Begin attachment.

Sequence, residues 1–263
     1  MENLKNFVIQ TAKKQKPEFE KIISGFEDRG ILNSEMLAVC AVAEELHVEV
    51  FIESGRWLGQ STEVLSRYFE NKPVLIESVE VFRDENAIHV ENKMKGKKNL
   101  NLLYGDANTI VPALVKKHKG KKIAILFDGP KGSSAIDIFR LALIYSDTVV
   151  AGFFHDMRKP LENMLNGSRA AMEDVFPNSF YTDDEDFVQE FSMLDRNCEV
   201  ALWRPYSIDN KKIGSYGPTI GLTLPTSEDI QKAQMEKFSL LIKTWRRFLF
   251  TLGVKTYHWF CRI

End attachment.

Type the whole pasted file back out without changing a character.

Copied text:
Sequence, residues 1–263
     1  MENLKNFVIQ TAKKQKPEFE KIISGFEDRG ILNSEMLAVC AVAEELHVEV
    51  FIESGRWLGQ STEVLSRYFE NKPVLIESVE VFRDENAIHV ENKMKGKKNL
   101  NLLYGDANTI VPALVKKHKG KKIAILFDGP KGSSAIDIFR LALIYSDTVV
   151  AGFFHDMRKP LENMLNGSRA AMEDVFPNSF YTDDEDFVQE FSMLDRNCEV
   201  ALWRPYSIDN KKIGSYGPTI GLTLPTSEDI QKAQMEKFSL LIKTWRRFLF
   251  TLGVKTYHWF CRI